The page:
I am a marine biologist and ecologist by training and by preference. I enjoy observing the many species of marine life, especially their interactions (you know, the old M & M thing... munching and mating). However, one cannot fully understand marine life just by observing the species themselves, or even their interactions. There are a number of other factors involved in a real study of their ecology. This includes the physical aspects of their environment whether it be water temperature, salinity, dissolved oxygen or the very nature of the substrate they attach to or walk on.
While diving Yellowtail Point just past the buildings at the Empire Landing Quarry, I became intrigued by the physical environment of the reef more than the life forms I observed. The geology here was different from that of many other dive sites I've visited on Scuba Luv's King Neptune dive boat the past two months. The reef itself was a scattered boulder field, and in that sense it was similar to other boulder reefs around the island. However, the boulders themselves were different.
First, there did not appear to be the wealth of marine life living on the boulders that is often seen elsewhere. There was relatively little algae or seaweed growing on these rocks which was somewhat unusual. When I did see it growing, it appeared to be limited to a single type of brown algae and only grew on the flat upper surfaces of these boulders. I didn't see the giant keyhole limpets and other species from sites like the two quarries or Ship Rock. What I did find was an abundance of barnacles growing on top of the rock. These filter-feeding crustaceans; relatives of the lobster, crab and shrimp; were very prominent. Perhaps they kept the rock surface clear of other life. But I had to wonder why they dominated these rocks.
Second, the boulders were very unusual in that they came from metamorphic rock that apparently originated as sedimentary rock. You could easily see the many layers in which the sand or silt or mud was laid down by sediment falling out of the water column to the bottom. The layered sedimentary rock was then subjected to metamorphosis due to increased pressure and possibly temperature. However the layers here were not contorted as might be expected from violent geologic activity such as volcanic events or plate tectonics. The layers were too well ordered for that.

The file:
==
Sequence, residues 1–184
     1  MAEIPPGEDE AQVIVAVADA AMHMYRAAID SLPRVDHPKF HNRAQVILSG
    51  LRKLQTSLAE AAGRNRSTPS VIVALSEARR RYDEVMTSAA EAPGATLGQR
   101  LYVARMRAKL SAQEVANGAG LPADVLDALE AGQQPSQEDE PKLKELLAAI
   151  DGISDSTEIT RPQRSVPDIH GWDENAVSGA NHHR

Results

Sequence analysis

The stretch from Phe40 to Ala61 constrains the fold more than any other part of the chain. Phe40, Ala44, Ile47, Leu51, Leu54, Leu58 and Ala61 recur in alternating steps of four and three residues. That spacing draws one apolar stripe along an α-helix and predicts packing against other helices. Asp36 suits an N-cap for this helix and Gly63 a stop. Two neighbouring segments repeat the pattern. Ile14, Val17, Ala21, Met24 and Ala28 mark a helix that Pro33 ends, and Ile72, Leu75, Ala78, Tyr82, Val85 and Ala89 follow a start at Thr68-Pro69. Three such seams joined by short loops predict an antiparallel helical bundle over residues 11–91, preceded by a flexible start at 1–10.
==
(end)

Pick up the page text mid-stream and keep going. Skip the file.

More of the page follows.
In my Harvard days, the basic geology course was laughingly referred to as "Rocks for Jocks." In other words, it was a "gut" (easy) course that football players and other athletes took for an easy passing grade. I skipped it and took more advanced courses in geology like invertebrate paleontology (fossils). Later, whether at the Toyon school or the Conservancy, I've always had someone on staff who was far more conversant in geology than I am. I always relied on them to supply the answers I needed regarding rocks and geologic history of the island. Heck, even my first real girlfriend here on Catalina was a geologist (now a petroleum geologist making the big bucks from what we pay the oil companies for our gasoline). Now I am all by myself (sniff) and have no knowing geologist to consult. That is all to say I can't tell you, my readers, just what kind of rocks these were!
The message in this column is that rock types can affect the biological species in an underwater habitat just as they affect the plant species on land. Catalina is a complex geologic formation. There is the 20 million year old quartz diorite porphyry that dominates the Avalon end of the island, the metamorphics from plate tectonic activity that dominate the region around the Airport and extend to the Empire Landing Quarry area, the 100+ million year old metamorphosed sedimentary rocks that dominate the West End, and volcanic rocks at various locations around the island. Each of these rock types, and the subcategories within them, have different characteristics relative to hardness, porosity, mineral content, etc. These differences can be enough to alter the type of marine ecosystem that emerges in their presence. So, in some senses the marine life of a dive site may be "written in stone."
© 2005 Dr. Bill Bushing. Watch the "Dive Dry with Dr. Bill" underwater videos on Catalina Cable TV channel 49, 10:00 AM and 5:00 PM weekdays. Buy my "Munching and Mating in the Macrocystis" DVD so you can take Dr. Bill home with you... we'll both be glad you did!
Unusual boulders forming the reef at Yellowtail Point.
This document maintained by
Dr. Bill Bushing.
Material and images © 2005 Star Thrower Educational Multimedia